"The day isn't far off when the economic problems will take a back seat where it belongs, and the heart and head will be occupied or reoccupied, by our real problems of life and of human relations, of creation and behaviours and religion."
The day that Keynes predicted is now coming towards us at full speed. Our instincts are telling us that we can no longer seek a solely economic answer to our predicaments. The Church of England has just appointed, to quote the Financial Times, their "best-informed analyst of capitalism", Justin Welby, as the next Archbishop of Canterbury. Greece is on the brink of default despite all our efforts, and we now know that fiscal austerity alone will not save Greece.
We are looking to Gross Domestic Product (GDP) growth to get us out of our current state of turmoil but the problems we are facing today, we know deep down, will not go away by dint of the same consciousness that created them. Yes, we do need to solve our financial woes, but we are also at a crossroad on earth that we have not seen before.
As I wrote in the Financial Times, "Camels can pass through a needle's eye", with my dear friend and inspiration, Desmond Tutu, this is not a crisis of capitalism per se. It is the notion of strict individualism and self-interest that separates us from each other, our humanness and nature; that is robbing us of our happiness. We are in essence social beings so this is a crisis of not giving and receiving enough love, not daring to love.
GDP measurements and mathematical formulas used in economics can help portray a picture if the underlying assumptions and data are good, but economics is really a social science depicting human behaviour, and human behaviour is based on human emotions. What we are seeing now is a world ruled by fear, and fear is the opposite of love. It is fear of not having enough that leads to greed, corruption and a fight over resources. But it is also fear making us think that we have to show up dressed in success, and that we can't be loved for who we really are.
Our materialistic society has produced a lot of things we can be grateful for and that we enjoy every day, but the cost has also been high on the environment and our personal and global relationships. The culture of achievement shaped by the notion of "survival of the fittest" and individualism has meant that we separated ourselves from our innate values. Human beings belong together, love, are compassionate, and also receive joy from simple pleasures like holding a loved one's hand, walking barefoot on a sandy beach or simply awing the beauty of nature - the things that cannot be measured or valued in monetary terms.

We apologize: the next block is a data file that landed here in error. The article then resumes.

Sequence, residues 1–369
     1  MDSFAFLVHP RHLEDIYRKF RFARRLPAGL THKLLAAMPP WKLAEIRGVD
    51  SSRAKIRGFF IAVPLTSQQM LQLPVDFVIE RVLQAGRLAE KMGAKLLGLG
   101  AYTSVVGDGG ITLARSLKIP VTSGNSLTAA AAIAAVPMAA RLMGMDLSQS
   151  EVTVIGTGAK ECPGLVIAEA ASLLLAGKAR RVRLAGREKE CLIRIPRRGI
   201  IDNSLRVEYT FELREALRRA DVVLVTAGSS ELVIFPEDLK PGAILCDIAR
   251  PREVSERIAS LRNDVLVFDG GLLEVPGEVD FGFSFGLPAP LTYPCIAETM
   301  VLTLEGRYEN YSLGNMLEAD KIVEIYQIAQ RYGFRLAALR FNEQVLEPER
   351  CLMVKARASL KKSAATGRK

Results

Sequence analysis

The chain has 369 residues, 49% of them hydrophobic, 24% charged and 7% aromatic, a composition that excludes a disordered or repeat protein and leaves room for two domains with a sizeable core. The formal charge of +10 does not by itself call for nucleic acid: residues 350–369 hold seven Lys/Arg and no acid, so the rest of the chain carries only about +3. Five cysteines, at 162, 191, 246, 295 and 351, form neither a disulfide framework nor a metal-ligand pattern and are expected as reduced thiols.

We have been seeking happiness through materialism, consumption and keeping up with the Joneses - through economic growth. Yet whilst GDP growth has been on the increase the past 50 years - numerous studies show that happiness has not increased. We have become so very adept at being intellectuals and rational human beings that we can't see the forest for the trees. As poet and philosopher Solomon ibn Gabirol said "...of what avail is the open eye if the heart is blind?"
We all hunger for something more, and more never seems to be enough, and we try to fulfil this void with various degrees of money, power, lust, fame, alcohol and so on. We might even build our personal relationships around her looks or his fast car. The truth is, this can never sustain us or bring happiness because the most basic human need is for unconditional love - to love and to be loved. We know that when we are surrounded by unconditional love there is little to fear.
True happiness is found in our human relations - it is having love in our own lives; it is giving love to dear ones and to strangers through kind acts or philanthropy. Caring and giving is true happiness and joy. True happiness is found in goodness; it nurtures and it never harms. This is also why it is difficult to hail in a too individualistic society that separates us from each other, and we are having sleepless nights, maybe even infringing our personal integrity because we need to win, so all this deprives us of our inner happiness.
Because we have to win and be competitive it is more difficult to be vulnerable and to show love in case it might be perceived as weakness. But love is the privilege of the brave. You have to be brave to love because it makes you vulnerable. Vulnerability shows our humanness and allows us to truly connect with others; it opens up for a love otherwise not possible.
Perhaps worryingly, the inherent hardiness of individualism also means that we haven't fulfilled our need to receive love. Deep down, although we might not say so openly, most of us have doubts that we are truly worthy of unconditional love - this is what we must heal because this is where our fear of others, fear of not fitting in, fear of not being good enough or having enough, stems from. Poet and mystic Jalal ad-Din Rumi said it well -"Your task is not to seek for love, but merely to seek and find all the barriers within yourself that you have built against it."
We will never find true happiness through GDP growth alone. To love and be loved - is what ultimately sustains us; all spiritual traditions tell us so and humanists would agree. By letting more love into our own lives through all our relationships, we can nourish our global, community and individual needs. It is time to let the heart lead and let the head follow.